Relating this back to the family, a father is faced with two quandaries: one, how does he demonstrate to his progeny that he is, by social standards, a successful man? Secondly, how does he prepare said offspring for the competitive world in which he must strive to be as close to the ideal standard of manliness as he can? Just like playing music in the womb, the typical solution was to start early. I sometimes wonder if this is leftover from our historically shorter life expectancy.
Little boys were taught to become men, which, as you may recall, means fuck all from an objective manner of speaking, but it means a lot to a developing little boy, and even more when it's something not only desired, but expected from him by his parents. At whatever age a boy is told he's not allowed to cry, effectively, he's told he's not allowed to express that he's in pain, which on some level is telling a child he's not allowed to feel pain. If you're not allowed to feel something as basic as pain, you're going to struggle greatly with openly feeling anything else. There's no wonder there's a rage epidemic.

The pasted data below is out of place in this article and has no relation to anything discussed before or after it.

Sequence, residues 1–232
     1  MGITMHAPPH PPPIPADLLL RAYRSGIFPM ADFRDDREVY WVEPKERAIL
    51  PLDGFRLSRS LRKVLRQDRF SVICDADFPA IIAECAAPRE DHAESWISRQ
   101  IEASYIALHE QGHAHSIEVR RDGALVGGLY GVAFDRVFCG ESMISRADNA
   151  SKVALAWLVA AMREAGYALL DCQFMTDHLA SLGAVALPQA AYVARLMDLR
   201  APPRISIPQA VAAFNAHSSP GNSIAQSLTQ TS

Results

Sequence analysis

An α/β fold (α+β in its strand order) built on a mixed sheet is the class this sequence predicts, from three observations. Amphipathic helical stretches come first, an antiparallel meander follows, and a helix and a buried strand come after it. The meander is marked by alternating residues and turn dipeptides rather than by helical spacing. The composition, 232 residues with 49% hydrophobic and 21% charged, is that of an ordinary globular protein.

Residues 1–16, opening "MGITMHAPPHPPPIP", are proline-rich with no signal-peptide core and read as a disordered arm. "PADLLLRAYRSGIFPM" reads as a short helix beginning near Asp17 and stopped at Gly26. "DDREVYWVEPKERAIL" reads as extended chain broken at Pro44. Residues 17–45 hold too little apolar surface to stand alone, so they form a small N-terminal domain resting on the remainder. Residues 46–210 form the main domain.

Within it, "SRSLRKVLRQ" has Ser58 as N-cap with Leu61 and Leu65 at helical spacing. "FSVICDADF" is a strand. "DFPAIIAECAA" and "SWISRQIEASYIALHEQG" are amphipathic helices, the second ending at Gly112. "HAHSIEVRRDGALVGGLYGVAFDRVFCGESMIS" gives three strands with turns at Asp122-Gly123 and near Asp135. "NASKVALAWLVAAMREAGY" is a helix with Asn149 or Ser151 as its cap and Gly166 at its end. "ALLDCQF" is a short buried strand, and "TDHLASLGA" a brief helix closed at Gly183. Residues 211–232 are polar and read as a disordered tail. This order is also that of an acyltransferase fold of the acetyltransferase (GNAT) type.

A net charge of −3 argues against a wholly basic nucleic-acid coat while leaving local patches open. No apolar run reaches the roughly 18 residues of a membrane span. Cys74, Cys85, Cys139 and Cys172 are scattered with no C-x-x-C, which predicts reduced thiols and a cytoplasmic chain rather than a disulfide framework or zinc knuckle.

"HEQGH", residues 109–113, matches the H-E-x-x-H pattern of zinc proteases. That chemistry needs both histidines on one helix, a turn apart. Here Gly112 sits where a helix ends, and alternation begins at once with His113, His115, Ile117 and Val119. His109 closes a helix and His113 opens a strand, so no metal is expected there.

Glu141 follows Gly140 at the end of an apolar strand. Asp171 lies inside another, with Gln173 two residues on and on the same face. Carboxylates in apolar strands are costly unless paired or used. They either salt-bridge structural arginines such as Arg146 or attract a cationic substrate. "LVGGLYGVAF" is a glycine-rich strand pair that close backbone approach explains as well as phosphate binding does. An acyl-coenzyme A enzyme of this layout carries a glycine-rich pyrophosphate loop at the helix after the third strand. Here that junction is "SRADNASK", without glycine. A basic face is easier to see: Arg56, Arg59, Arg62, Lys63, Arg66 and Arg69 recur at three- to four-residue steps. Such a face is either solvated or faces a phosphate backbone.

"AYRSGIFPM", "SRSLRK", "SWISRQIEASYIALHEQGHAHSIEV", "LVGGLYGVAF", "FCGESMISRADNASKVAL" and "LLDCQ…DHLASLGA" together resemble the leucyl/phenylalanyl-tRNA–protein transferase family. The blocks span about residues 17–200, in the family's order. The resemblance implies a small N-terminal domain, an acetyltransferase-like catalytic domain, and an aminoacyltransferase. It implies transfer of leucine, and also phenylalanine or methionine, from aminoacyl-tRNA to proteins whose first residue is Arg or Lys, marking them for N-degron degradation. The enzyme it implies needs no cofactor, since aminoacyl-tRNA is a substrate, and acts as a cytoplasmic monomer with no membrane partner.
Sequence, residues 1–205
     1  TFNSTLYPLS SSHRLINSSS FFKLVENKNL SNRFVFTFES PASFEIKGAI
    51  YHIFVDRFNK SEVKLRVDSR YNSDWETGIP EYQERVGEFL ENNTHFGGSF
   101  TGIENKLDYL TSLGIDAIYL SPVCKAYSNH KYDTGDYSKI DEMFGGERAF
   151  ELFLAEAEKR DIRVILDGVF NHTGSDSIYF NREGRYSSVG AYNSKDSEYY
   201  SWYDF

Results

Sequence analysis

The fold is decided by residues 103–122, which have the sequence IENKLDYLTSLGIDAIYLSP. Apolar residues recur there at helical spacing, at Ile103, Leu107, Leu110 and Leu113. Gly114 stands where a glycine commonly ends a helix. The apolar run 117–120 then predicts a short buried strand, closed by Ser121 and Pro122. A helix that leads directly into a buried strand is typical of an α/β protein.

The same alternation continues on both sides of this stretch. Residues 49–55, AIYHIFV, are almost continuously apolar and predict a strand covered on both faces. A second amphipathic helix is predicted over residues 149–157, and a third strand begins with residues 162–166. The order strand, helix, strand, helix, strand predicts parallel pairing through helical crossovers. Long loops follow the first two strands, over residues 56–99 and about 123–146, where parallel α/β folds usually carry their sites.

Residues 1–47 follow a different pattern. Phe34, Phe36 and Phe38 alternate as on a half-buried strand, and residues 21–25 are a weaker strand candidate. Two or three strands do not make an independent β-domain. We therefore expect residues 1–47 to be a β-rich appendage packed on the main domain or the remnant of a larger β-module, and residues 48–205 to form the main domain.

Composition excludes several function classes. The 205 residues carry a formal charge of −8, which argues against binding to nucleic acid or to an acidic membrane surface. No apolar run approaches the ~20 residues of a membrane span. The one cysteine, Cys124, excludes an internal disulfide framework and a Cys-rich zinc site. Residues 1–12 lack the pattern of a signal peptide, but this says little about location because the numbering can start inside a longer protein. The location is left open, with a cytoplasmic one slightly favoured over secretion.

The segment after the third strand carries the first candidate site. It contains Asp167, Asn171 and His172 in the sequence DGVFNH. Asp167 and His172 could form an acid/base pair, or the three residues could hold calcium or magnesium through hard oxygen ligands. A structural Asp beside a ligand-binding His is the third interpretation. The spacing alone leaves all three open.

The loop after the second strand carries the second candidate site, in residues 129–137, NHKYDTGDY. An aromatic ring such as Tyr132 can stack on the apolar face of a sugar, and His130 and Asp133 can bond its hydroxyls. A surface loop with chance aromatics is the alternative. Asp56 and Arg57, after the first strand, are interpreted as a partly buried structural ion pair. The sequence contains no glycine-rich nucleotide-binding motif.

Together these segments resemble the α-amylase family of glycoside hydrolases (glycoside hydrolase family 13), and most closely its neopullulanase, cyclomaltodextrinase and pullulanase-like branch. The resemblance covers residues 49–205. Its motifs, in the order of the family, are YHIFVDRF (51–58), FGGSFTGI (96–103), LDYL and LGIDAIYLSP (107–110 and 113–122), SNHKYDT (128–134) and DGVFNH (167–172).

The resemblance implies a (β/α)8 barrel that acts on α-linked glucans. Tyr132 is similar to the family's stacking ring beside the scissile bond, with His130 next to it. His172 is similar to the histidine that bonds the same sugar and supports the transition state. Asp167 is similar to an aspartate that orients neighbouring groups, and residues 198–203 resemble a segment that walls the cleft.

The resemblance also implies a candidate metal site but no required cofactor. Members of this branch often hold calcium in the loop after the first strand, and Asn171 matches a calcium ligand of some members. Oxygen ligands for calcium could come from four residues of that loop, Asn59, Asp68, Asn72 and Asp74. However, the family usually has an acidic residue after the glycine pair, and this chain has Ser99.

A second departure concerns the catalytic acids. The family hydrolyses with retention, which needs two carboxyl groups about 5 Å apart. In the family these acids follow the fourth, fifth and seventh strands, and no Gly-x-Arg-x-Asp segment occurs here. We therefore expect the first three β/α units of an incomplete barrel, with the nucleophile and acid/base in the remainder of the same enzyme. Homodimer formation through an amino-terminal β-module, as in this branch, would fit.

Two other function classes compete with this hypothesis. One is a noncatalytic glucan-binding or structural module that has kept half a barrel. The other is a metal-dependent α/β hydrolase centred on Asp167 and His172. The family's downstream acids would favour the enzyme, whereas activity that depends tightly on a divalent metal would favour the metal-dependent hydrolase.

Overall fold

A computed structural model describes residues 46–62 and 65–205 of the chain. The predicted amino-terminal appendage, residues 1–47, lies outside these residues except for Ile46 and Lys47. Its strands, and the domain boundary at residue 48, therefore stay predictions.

One of the roles of a father figure, or any strong male role model, is to give an example as to how a member of your own sex treats the opposite sex, to embody the ideals of "masculinity" and encourage and recognize those in you. If your father figure imparts ideals of masculinity as emotionlessness, rage, and violence, and you rapidly begin to notice that you don't embody any of those qualities, you're going to have to wade into whatever your society dictates masculinity is to find it for yourself, and you may find nothing there. You may find that the fact that you have feelings, want to have bonds with men, and have no real desire to express yourself exclusively by breaking things will somehow align you to being effeminate, and therefore gay, whether or not your orientation resides there or not.
Because you have qualities of "the other" then you must be "one of the others," and this has been propagated seemingly forever.